Key             Value
---             -----
token           d156326d-1ee6-7a93-d9d3-428e2211962d
token_accessor  daf3beb4-6c31-4115-2d00-ba811c50b05b
token_duration  768h0m0s
token_renewable true
token_policies  [default infracompute]

dfzmbp:vault ytjohn$ vault token-create -policy="infranetwork"
Key             Value
---             -----
token           84faa448-20d9-b472-349f-1053c81ff4c9
token_accessor  68eea7ec-78c0-4be1-03c4-f2ec155b66de
token_duration  768h0m0s
token_renewable true
token_policies  [default infranetwork]

Let’s login as with the infranetwork token and attempt to write to compute. I have not yet created secret/infra/compute or secret/infra/network and I’m curious if infraadmin is needed to make those first.

dfzmbp:vault ytjohn$ vault auth 84faa448-20d9-b472-349f-1053c81ff4c9
Successfully authenticated! You are now logged in.
token: 84faa448-20d9-b472-349f-1053c81ff4c9
token_duration: 2764764
token_policies: [default infranetwork]
dfzmbp:vault ytjohn$ vault write secret/infra/compute/notallowed try=wemust
Error writing data to secret/infra/compute/notallowed: Error making API request.

URL: PUT http://vaultcore01.pool.lab.ytnoc.net:8200/v1/secret/infra/compute/notallowed
Code: 403. Errors:

* permission denied
dfzmbp:vault ytjohn$ vault write secret/infra/network/allowed alreadyexists=maybe
Success! Data written to: secret/infra/network/allowed

I got blocked from creating a path inside of compute, and I didn’t need secret/infra/network created before making a child path. That infraadmin account is really not needed at all. Let’s go ahead and try infracompute.

$ vault auth d156326d-1ee6-7a93-d9d3-428e2211962d # auth as infracompute
$ vault write secret/infra/compute/obm/idrac/oem username=root password=calvin
Success! Data written to: secret/infra/compute/obm/idrac/oem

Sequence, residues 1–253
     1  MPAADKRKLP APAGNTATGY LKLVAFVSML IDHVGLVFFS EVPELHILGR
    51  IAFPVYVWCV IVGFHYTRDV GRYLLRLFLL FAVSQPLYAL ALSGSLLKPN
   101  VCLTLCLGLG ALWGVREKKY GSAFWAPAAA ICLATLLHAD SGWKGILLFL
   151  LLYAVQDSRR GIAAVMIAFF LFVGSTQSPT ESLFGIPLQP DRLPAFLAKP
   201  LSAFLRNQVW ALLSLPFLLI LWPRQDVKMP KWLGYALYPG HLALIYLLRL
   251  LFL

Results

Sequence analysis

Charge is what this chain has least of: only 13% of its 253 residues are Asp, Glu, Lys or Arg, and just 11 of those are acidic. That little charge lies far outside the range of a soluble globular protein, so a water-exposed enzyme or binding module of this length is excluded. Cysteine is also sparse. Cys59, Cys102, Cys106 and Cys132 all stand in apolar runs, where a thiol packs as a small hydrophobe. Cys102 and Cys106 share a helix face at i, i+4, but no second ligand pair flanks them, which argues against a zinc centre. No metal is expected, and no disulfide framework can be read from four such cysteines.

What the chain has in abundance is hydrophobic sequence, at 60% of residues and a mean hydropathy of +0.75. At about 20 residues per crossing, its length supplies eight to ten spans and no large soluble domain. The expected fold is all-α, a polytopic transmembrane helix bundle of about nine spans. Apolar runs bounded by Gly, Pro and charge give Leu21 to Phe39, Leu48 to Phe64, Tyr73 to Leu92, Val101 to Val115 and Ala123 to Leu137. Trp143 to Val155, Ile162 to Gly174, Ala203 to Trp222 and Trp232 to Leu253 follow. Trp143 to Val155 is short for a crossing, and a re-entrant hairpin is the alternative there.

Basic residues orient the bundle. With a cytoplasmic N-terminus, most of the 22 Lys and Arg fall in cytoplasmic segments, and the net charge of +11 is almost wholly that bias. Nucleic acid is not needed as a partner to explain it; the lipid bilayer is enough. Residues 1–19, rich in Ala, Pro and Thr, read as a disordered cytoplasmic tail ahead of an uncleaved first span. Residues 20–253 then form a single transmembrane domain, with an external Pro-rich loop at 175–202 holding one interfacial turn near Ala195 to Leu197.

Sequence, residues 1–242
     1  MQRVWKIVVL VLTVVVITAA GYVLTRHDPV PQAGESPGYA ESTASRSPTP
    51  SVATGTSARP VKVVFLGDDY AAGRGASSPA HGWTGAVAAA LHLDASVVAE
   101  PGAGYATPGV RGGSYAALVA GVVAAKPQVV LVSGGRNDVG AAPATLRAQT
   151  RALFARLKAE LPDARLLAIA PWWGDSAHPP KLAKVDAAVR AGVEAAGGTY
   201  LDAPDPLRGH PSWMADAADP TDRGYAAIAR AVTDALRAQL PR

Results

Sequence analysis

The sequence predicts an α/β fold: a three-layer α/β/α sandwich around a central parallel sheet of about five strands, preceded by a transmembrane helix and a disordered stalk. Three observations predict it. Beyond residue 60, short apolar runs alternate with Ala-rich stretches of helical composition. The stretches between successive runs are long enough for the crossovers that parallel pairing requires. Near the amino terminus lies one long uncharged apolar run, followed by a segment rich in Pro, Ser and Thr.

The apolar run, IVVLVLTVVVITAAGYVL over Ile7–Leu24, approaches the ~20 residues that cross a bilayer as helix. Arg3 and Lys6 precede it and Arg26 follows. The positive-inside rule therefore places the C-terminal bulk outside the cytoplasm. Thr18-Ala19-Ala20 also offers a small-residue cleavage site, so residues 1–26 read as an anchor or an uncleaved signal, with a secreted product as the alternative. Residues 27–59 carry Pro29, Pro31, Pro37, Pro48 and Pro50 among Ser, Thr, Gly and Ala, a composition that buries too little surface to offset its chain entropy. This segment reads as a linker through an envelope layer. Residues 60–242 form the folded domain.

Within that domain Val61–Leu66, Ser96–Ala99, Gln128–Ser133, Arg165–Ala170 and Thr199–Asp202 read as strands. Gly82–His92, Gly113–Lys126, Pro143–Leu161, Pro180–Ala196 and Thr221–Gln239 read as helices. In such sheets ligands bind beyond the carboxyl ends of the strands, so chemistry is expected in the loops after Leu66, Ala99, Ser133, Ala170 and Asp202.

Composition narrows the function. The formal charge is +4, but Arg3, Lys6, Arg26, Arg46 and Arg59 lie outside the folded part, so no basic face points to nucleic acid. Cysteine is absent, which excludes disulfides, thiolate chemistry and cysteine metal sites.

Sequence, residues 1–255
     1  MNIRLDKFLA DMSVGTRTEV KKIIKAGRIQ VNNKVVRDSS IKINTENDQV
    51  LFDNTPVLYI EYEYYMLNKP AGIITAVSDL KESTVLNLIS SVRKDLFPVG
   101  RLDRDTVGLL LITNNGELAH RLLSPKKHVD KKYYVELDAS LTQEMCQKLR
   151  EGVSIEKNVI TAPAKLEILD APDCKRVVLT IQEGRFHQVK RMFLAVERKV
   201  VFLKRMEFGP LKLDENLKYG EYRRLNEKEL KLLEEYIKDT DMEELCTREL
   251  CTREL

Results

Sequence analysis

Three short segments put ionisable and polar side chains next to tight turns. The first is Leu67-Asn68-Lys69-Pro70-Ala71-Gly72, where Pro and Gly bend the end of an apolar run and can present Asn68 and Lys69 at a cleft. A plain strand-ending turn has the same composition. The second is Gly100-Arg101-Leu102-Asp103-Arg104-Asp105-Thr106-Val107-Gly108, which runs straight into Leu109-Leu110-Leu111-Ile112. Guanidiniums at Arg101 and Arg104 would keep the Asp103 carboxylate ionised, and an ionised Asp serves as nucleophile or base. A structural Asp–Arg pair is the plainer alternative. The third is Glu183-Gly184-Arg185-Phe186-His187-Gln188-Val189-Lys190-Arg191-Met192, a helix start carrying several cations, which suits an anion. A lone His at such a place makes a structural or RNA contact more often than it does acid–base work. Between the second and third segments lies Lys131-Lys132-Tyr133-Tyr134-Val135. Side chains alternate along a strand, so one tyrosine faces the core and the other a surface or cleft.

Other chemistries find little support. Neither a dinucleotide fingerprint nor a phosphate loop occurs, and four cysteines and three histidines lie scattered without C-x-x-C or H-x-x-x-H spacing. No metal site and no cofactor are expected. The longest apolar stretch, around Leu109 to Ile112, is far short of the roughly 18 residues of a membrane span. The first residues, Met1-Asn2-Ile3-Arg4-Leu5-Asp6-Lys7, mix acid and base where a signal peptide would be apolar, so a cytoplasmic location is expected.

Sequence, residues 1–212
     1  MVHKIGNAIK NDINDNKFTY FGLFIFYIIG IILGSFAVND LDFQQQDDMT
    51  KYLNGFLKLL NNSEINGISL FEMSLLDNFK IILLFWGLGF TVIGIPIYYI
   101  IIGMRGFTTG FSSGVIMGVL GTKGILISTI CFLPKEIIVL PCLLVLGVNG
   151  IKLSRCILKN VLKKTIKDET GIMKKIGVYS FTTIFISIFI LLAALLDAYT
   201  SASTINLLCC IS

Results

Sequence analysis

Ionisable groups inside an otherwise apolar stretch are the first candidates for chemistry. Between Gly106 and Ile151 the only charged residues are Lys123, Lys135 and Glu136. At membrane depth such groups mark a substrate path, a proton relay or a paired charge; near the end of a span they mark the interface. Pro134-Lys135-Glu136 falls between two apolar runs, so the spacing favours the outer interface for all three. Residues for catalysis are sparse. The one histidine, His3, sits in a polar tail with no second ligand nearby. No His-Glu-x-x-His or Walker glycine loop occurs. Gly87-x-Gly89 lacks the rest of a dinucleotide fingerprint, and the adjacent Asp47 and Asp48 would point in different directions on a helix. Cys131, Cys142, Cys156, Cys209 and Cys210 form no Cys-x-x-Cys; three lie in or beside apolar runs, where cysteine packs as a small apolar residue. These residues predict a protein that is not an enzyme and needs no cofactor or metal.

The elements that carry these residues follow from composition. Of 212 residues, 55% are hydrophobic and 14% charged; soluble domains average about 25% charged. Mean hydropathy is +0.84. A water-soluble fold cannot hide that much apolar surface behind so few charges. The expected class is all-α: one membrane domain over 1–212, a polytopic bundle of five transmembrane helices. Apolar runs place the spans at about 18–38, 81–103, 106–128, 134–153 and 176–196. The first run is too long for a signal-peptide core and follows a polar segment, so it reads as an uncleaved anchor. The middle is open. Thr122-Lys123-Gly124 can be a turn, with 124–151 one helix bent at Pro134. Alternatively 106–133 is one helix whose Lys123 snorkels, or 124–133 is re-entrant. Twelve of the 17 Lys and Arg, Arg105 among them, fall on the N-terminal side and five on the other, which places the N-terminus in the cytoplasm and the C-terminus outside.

$ vault read secret/infra/compute/obm/idrac/oem
Error reading secret/infra/compute/obm/idrac/oem: Error making API request.

URL: GET http://vaultcore01.pool.lab.ytnoc.net:8200/v1/secret/infra/compute/obm/idrac/oem
Code: 403. Errors:

* permission denied

Oh my. I gave myself create, but not read permissions. New policies.

infranetwork.hcl

path "secret/infra/network/*" {
  capabilities = ["create", "read", "update", "delete", "list"]
}

path "secret/infra/compute/obm/*" {
  capabilities = ["read", "list"]
}

path "auth/token/lookup-self" {
  capabilities = ["read"]
}

infracompute.hcl

path "secret/infra/compute/*" {
  capabilities = ["create", "read", "update", "delete", "list"]
}

path "auth/token/lookup-self" {
  capabilities = ["read"]
}

Let’s update our policy list and cleanup.

vault auth b6eac78d-f278-4d32-6894-a8168d055340 # auth as root token
vault policy-delete infraadmin # delete unneeded infradmin policy
vault token-revoke d16dd3dc-cd9e-15e1-8e41-fef4168a429e # remove infraadmin token
vault policy-write infranetwork infranetwork.hcl
vault policy-write infracompute infracompute.hcl

Try again:

$ vault auth d156326d-1ee6-7a93-d9d3-428e2211962d # auth as infracompute
Successfully authenticated! You are now logged in.
token: d156326d-1ee6-7a93-d9d3-428e2211962d
token_duration: 2762315
token_policies: [default infracompute]
$ vault read secret/infra/compute/obm/idrac/oem
Key                 Value
---                 -----
refresh_interval    768h0m0s
password            calvin
username            root

And as network

$ vault auth 84faa448-20d9-b472-349f-1053c81ff4c9 #infranetwork
$ vault list secret/infra/compute
Error reading secret/infra/compute/: Error making API request.

URL: GET http://vaultcore01.pool.lab.ytnoc.net:8200/v1/secret/infra/compute?list=true
Code: 403. Errors:

* permission denied
$ vault list secret/infra/compute/obm
Keys
----
idrac/

$ vault list secret/infra/compute/obm/idrac
Keys
----
oem

$ vault read secret/infra/compute/obm/idrac/oem
Key                 Value
---                 -----
refresh_interval    768h0m0s
password            calvin
username            root

Camp night